Northeast Ohio is getting in on the latest craze in new transportation technology – the hyperloop. Under a new proposal, a hyperloop route between Cleveland and Chicago would take just 28 minutes.
A California company called Hyperloop Transportation Technologies, the regional transportation agency NOACA and the Illinois Department of Transportation will study possible routes between Chicago and Cleveland.
"We came here because places like Cleveland, Chicago and Pittsburgh have the manufacturing, the raw materials and the talented, hard working people in order to make it happen," said Andrea La Mendola, chief global operatiosns officer of Hyperloop Transportation Technologies, in a statement.
A competing route – from Pittsburgh to Chicago through Columbus – is being considered by another company – Virgin Hyperloop One. That plan, which is being organized in part by the Mid-Ohio Regional Planning Commission, was announced as one of 10 finalists in the Hyperloop One Global Challenge.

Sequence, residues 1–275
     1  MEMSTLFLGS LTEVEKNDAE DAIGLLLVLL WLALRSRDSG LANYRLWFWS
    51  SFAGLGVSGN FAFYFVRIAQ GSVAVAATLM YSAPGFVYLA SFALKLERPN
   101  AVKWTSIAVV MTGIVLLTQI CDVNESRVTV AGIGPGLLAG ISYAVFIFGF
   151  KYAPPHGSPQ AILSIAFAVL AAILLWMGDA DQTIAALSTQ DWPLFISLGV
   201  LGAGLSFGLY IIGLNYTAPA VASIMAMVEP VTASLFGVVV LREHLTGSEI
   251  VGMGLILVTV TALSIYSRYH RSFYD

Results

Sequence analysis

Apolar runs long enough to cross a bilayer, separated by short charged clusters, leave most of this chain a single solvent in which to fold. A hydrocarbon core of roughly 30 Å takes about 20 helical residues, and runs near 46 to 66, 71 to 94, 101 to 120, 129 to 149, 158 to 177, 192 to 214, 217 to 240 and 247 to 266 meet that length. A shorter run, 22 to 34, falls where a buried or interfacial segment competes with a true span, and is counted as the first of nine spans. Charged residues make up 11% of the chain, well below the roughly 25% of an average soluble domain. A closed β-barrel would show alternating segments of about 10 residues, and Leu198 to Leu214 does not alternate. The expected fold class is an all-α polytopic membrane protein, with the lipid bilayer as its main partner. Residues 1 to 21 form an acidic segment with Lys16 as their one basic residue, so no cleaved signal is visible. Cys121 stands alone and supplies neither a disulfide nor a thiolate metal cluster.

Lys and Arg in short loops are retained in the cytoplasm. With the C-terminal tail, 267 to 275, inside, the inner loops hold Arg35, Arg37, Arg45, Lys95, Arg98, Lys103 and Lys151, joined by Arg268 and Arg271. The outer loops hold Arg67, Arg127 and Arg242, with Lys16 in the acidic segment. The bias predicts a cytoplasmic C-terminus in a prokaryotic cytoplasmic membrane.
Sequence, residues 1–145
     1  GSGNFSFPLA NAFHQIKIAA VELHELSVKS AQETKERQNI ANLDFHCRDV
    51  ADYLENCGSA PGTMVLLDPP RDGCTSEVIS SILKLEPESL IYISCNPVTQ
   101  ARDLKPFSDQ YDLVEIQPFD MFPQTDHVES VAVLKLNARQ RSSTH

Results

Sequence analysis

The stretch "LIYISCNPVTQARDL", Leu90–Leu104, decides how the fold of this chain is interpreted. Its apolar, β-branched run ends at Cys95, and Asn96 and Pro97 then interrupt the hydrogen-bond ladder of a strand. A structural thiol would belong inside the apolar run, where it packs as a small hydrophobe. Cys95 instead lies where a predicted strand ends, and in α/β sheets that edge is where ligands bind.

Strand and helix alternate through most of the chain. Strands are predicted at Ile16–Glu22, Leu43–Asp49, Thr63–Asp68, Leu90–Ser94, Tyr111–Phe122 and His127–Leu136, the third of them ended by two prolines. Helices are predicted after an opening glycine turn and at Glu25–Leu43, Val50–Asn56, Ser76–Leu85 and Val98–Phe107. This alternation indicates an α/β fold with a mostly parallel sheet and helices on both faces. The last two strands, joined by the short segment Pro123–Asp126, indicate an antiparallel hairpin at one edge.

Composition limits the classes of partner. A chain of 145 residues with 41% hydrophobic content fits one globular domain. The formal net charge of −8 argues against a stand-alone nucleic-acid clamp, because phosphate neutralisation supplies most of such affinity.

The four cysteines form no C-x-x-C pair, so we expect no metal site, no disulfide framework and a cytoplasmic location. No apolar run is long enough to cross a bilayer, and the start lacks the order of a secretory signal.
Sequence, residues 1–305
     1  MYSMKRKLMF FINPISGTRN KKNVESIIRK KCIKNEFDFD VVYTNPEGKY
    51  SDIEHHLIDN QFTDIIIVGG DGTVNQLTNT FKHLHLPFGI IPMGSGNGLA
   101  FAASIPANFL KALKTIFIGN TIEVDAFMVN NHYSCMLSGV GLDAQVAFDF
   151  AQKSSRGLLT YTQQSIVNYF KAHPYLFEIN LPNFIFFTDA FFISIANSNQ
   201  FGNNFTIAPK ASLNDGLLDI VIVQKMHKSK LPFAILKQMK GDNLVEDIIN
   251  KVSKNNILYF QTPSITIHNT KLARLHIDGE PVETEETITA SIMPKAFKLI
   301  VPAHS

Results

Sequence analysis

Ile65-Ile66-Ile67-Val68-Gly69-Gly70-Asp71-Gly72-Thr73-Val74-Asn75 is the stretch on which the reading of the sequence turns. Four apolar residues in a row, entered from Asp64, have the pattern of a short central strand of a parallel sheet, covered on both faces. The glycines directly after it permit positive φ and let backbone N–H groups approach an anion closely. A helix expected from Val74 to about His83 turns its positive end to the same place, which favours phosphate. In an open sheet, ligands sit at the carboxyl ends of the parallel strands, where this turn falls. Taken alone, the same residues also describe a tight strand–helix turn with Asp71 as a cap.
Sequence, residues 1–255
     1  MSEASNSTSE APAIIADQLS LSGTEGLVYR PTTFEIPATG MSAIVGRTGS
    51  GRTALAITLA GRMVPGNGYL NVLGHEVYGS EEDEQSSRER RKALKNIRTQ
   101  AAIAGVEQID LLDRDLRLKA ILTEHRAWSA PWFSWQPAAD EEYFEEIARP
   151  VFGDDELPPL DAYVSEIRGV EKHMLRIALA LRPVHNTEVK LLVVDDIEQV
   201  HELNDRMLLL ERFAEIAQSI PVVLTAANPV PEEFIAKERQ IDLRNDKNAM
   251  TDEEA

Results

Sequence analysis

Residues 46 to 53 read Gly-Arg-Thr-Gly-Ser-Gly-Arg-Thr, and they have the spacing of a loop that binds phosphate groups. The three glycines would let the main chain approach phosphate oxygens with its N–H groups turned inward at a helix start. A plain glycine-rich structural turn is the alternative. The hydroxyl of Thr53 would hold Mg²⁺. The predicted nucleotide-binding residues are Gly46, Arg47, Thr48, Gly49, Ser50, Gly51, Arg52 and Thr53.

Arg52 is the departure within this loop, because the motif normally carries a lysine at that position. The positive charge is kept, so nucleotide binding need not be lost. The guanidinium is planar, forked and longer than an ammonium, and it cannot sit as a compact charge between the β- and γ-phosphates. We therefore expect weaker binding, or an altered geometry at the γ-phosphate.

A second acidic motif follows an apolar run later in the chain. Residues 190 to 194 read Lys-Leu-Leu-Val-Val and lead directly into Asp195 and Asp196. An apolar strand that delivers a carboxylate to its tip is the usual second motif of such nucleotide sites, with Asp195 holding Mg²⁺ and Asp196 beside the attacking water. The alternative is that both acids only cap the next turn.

The idea behind the hyperloop is to build a vacuum-sealed tunnel and send a passenger car through it, propelled by magnets. In theory, people could travel inside at 700 miles an hour; tests in a tunnel in Nevada have reached 240.
A route between Columbus and Chicago would take 29 minutes, while a route between Columbus and Pittsburgh would take just 18.
NOACA’s role in the study of a Cleveland to Chicago route is not fully funded, but is touted by the company as the first official agreement between a Hyperloop developer and government agencies. The study could take up to a year, and will include a look at right-of-ways along northern Ohio interstates as well as Amtrak rail lines, costs and ridership.
In September, Ohio’s Senate unanimously passed a non-binding resolution supporting the Columbus hyperloop effort, but did not commit any money to the idea.
MORPC says it will have an announcement about the next stages of Hyperloop planning later this month.